The Impact of Public and Private Health Expenditures on Poverty in developing countries
Harati Javad1, Harati Khalilabad Touraj2*, Rezapour Aziz3, javan-noughabi javad2
1. Assistant Professor, Department of Economics, School of Humanities, Bojnord University, Bojnord, Iran.
2. PhD Student, Department of Health Economics, School of Health Management and Information Science, Iran University of Medical Sciences, Tehran, Iran.
3. Assistant Professor, Department of Health Economics, School of Health Management and Information Science, Iran University of Medical Sciences, Tehran, Iran.
*Correspondence: Health Management and Economics Research Center, School of Health Management and Information Sciences, Valiasr St., Rashid Yasemi St., Tehran.
Tel: 02188671615 Email: Toorajharati@Gmail.com
Background & Objectives: Changes in twenty-first century and incidence of development gap among countries has caused particular attention of all economic schools to the problem of poverty and the factors affecting it, as a consequence of underdevelopment. Health and health expenditures are considered as a tool for governments to get out from poverty.
Methods: This study is one type of econometric studies with using panel data for Iran and 30 developing countries during 2005 to 2012. To determine the effect of health expenditures on poverty headcount ratio, Hassman and Chow tests were used in order to select the type of random or fixed effect regression model. Data analysis was done through Eviews 6 software.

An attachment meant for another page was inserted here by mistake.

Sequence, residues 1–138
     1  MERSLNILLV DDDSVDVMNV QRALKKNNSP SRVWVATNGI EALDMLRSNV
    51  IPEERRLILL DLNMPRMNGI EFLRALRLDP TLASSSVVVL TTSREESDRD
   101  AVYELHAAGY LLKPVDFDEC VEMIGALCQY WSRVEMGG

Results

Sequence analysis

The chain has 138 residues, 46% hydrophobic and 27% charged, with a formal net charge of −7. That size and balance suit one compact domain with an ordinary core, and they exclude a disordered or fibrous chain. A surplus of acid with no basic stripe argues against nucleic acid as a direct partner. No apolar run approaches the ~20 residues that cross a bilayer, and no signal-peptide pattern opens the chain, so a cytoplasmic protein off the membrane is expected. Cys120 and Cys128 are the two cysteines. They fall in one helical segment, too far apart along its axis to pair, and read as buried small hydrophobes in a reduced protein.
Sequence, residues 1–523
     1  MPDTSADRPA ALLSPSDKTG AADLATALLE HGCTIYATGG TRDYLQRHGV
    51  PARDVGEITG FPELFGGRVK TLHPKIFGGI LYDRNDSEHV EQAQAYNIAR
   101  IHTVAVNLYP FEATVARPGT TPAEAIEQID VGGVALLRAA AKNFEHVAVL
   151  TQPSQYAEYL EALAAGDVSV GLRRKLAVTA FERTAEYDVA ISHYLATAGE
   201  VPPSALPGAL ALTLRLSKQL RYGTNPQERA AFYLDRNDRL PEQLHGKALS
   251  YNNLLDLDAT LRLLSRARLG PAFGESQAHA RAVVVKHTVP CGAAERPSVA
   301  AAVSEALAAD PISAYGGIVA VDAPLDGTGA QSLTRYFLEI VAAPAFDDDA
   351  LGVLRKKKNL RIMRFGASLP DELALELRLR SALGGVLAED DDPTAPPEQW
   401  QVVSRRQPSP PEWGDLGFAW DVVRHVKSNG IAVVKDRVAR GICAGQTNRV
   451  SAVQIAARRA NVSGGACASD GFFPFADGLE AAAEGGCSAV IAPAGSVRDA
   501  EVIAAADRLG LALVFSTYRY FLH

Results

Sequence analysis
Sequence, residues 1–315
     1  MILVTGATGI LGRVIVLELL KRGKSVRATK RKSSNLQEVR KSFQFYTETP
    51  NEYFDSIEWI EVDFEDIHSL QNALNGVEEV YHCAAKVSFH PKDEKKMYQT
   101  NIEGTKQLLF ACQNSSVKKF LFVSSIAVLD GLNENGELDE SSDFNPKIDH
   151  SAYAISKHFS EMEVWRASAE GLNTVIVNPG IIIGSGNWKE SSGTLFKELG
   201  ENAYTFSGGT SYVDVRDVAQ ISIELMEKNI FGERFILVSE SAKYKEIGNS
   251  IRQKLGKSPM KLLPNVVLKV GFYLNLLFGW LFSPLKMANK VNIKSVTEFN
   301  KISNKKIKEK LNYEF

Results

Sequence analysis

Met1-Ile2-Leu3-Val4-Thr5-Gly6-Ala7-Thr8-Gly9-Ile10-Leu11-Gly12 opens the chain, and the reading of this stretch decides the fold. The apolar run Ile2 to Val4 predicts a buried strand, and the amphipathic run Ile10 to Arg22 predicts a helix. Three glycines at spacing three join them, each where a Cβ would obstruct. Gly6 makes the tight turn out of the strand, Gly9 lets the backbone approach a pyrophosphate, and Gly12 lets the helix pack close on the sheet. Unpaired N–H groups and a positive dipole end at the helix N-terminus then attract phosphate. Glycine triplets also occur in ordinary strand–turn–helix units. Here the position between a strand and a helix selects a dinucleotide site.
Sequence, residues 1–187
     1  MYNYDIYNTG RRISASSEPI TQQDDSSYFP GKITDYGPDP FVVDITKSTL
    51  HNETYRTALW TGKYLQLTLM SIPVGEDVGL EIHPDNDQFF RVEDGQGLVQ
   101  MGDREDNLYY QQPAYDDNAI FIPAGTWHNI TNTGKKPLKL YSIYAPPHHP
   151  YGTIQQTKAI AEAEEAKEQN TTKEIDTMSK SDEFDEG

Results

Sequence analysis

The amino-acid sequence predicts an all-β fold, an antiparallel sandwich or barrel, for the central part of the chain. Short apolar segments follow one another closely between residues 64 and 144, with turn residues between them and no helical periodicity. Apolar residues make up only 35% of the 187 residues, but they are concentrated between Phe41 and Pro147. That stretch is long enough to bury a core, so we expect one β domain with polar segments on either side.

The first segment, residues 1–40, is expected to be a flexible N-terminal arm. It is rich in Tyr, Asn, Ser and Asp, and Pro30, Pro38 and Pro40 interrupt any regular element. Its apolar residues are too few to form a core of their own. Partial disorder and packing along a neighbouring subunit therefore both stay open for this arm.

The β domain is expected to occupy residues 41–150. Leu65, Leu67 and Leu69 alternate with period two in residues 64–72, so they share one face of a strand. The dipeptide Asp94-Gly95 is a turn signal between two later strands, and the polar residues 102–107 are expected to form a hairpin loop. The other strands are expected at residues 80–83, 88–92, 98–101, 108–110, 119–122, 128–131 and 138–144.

Results: Among factors affecting poverty, health expenditure had more significant impact on poverty. So that, one unit increase in public and private health expenditures caused respectively -2.93 decrease and 1.19 unit increase in headcount poverty ratio. In comparison to health expenditure, access to health facilities and primary school enrollment rate with respectively coefficients of -0.81 and 0.34 had less impact on poverty headcount ratio.
Conclusion: Governments should pay more attention to policies of financing health sector and more expansion of governmental functions in financial support of health sector rather than private sector.
Keywords: Public Health Expenditure, Private Health Expenditure, Poverty Headcount Ratio
Citation: Harati J, Harati Khalilabad T, Rezapour A. The Impact of Public and Private Health Expenditures on Poverty in developing countries: 2005– 2012. Journal of Health Based Research 2016; 2(4): 345-354.